Clinical researchers could avoid the bulk of FDA inspection issues that might impact their organization by following study protocols to the letter and making sure documentation and record-keeping practices are beyond reproach. But that’s easier said than done. The growing complexity of clinical trials, ever-expanding data points, new management technologies and differing experience levels among staff all combine to make this a challenge. Read More
Excellent communication within a clinical trial’s team is one of the most important factors in determining success. If communication is poor within and between departments and individuals, the primary goals of the study – adherence to the protocol, patient safety and data quality – could be put at risk. Conversely, strong communication can address many issues that can improve trial quality, including reducing staff conflicts and increasing performance. Read More
Any successful clinical trial begins with a solid research plan that lays out the research project, its importance and how it will be conducted. It can include everything from big-picture objectives and methodologies to details about equipment and personnel requirements, but if the plan is incomplete, unclear or inaccurate it can result in delays, budget overruns, protocol deviations or errors that render data useless. Read More
Endpoint adjudication — a standardized process for ensuring that assessments of the safety and efficacy of the investigational product are consistent, objective and unbiased — add new stakeholders, procedures and unique considerations to a traditional trial as well as increased attention from regulators and sponsors. Read More
While sponsor contracts often include some study closeout provisions, sites should have their own closeout process in place, driven by a checklist to make sure all regulatory, sponsor and IRB mandates are met, experts agree. Read More
A clinical trial is far from done once the last trial participant completes the last visit and the database is locked; there’s still a long list of tasks and procedures to work through, from accounting for leftover investigational product to wrapping up final reports. Failing to conduct all of those closeout activities can put a site out of compliance with FDA regulations, IRB requirements, the contract with the sponsor or even their own established policies and procedures.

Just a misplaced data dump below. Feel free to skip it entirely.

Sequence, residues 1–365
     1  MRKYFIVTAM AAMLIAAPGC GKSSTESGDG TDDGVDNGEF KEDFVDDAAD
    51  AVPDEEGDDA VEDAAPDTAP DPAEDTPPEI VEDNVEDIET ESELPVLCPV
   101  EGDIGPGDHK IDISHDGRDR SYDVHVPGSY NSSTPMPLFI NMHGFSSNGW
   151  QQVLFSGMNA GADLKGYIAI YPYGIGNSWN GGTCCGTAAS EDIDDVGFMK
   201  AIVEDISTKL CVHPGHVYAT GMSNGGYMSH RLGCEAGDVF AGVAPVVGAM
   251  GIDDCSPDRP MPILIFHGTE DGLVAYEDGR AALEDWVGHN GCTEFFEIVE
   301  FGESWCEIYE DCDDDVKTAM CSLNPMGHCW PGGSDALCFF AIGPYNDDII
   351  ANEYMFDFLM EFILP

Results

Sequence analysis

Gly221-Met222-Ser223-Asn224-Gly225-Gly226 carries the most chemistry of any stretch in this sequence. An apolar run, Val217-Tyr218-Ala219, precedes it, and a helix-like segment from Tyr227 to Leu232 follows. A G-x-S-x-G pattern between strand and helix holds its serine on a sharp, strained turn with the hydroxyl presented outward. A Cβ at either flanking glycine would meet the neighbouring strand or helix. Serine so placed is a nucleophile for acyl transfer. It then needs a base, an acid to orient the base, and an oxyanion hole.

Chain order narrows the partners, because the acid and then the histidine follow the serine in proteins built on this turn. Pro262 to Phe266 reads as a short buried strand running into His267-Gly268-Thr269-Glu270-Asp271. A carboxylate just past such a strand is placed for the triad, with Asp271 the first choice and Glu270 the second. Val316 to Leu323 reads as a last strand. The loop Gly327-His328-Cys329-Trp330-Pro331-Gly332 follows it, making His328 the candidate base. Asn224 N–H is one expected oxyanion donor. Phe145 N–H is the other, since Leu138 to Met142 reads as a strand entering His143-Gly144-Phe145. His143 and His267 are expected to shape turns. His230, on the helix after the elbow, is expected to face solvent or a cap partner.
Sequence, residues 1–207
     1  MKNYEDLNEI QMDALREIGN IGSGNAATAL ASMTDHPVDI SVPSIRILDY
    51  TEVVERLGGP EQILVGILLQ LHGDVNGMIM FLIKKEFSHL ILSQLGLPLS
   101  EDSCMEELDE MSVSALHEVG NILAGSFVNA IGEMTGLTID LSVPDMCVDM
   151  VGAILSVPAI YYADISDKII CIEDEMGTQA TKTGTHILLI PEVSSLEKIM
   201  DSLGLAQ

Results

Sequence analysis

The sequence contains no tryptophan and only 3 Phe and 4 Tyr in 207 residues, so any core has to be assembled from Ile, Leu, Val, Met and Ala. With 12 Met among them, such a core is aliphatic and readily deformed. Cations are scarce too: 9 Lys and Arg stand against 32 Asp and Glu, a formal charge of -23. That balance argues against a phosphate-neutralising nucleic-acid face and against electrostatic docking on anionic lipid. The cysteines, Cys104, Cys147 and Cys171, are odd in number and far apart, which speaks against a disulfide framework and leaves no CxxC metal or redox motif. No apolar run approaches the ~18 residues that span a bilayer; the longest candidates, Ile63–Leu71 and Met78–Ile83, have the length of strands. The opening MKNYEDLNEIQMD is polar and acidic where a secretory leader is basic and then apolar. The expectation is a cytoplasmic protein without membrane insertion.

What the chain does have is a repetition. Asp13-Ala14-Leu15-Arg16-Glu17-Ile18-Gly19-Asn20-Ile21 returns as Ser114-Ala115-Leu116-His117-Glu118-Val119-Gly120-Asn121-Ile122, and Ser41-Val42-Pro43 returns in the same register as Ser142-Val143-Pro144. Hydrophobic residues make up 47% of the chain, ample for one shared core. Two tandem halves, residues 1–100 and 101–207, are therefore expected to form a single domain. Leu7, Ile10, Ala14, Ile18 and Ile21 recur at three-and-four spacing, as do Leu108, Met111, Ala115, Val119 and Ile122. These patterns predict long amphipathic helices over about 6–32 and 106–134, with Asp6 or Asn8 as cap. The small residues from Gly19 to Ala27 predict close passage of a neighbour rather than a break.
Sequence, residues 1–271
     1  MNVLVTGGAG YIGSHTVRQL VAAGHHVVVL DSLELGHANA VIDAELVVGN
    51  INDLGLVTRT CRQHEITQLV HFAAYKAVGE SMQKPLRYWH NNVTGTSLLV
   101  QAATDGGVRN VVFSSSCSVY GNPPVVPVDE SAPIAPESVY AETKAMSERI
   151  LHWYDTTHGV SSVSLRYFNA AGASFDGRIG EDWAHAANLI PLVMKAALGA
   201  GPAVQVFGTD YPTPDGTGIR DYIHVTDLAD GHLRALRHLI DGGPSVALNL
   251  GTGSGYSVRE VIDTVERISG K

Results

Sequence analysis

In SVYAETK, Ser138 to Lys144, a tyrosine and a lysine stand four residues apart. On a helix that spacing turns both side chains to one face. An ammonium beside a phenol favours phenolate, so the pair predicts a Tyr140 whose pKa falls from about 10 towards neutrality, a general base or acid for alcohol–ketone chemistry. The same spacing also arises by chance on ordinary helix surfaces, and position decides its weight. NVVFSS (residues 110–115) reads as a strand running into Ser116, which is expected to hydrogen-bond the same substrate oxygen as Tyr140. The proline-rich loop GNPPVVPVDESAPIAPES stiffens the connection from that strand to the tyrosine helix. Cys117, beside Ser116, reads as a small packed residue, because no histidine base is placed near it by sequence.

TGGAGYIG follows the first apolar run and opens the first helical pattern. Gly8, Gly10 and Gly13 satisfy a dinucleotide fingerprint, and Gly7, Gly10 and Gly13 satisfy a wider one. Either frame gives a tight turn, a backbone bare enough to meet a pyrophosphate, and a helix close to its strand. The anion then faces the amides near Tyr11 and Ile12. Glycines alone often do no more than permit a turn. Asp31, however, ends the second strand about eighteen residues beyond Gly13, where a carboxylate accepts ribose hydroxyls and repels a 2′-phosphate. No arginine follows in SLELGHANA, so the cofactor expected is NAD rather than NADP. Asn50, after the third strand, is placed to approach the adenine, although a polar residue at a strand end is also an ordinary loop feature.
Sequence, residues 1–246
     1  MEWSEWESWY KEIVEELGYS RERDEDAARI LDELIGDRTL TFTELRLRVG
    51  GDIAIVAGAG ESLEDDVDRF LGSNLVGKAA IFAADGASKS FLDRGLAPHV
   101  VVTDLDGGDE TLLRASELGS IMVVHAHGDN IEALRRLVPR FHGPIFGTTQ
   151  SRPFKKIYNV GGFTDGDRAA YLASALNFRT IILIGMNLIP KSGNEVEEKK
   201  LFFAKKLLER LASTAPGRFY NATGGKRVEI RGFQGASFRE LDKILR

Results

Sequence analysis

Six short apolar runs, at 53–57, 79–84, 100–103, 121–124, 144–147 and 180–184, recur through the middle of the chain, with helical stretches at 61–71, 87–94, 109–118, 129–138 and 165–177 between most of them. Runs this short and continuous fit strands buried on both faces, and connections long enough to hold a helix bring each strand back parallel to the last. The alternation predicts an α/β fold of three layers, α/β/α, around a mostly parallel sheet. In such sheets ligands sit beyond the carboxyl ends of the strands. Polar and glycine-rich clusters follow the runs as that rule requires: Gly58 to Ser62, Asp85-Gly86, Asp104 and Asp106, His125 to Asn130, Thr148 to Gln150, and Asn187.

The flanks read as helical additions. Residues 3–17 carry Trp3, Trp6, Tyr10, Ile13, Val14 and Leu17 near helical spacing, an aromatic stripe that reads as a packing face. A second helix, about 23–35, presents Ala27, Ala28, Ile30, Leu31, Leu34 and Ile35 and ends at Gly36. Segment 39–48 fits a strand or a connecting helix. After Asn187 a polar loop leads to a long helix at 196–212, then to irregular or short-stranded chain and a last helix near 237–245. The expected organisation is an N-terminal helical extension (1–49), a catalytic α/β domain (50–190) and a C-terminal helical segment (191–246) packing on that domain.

Clinical trials are all about the data, but when that data includes participants’ protected health information (PHI), researchers, study coordinators and other staff must ensure that they are compliant with a growing myriad of patient privacy laws and regulations.
From stem cells to psychedelics, novel areas of medicine are spurring change in the clinical research industry. New investigational areas — such as precision and personalized medicine, cell and gene therapy, regenerative medicine, nanomedicine and alternative therapies, such as cannabis — will require new techniques, technologies, trial designs and skills.
The word “innovation” is almost synonymous with the word “change,” but the former has a positive feel while the latter can have a negative connotation for risk-averse individuals and organizations alike. With the clinical research industry being both highly risk-averse and in need of innovation, sites and sponsors can benefit from establishing strategies to take the sting out of change. Read More
The word “innovation” is almost synonymous with the word “change,” but the former has a positive feel while the latter can have a negative connotation for risk-averse individuals and organizations alike. And few industries are as risk-averse or as in need of innovation as the clinical trials field. Read More